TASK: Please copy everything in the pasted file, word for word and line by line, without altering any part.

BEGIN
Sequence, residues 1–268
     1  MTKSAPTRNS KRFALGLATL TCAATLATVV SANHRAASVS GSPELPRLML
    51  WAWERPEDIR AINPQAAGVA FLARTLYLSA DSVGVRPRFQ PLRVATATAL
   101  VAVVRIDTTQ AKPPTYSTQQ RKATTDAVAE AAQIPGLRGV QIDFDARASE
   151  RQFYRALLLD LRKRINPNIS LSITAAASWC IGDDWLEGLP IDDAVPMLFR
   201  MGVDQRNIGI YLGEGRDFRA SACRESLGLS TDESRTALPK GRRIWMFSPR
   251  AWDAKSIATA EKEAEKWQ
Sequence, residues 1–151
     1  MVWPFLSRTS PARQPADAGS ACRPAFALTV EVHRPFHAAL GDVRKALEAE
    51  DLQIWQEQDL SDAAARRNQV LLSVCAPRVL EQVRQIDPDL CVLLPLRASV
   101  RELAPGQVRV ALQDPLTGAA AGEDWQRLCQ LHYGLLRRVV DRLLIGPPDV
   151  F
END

Sequence, residues 1–268
     1  MTKSAPTRNS KRFALGLATL TCAATLATVV SANHRAASVS GSPELPRLML
    51  WAWERPEDIR AINPQAAGVA FLARTLYLSA DSVGVRPRFQ PLRVATATAL
   101  VAVVRIDTTQ AKPPTYSTQQ RKATTDAVAE AAQIPGLRGV QIDFDARASE
   151  RQFYRALLLD LRKRINPNIS LSITAAASWC IGDDWLEGLP IDDAVPMLFR
   201  MGVDQRNIGI YLGEGRDFRA SACRESLGLS TDESRTALPK GRRIWMFSPR
   251  AWDAKSIATA EKEAEKWQ
Sequence, residues 1–151
     1  MVWPFLSRTS PARQPADAGS ACRPAFALTV EVHRPFHAAL GDVRKALEAE
    51  DLQIWQEQDL SDAAARRNQV LLSVCAPRVL EQVRQIDPDL CVLLPLRASV
   101  RELAPGQVRV ALQDPLTGAA AGEDWQRLCQ LHYGLLRRVV DRLLIGPPDV
   151  F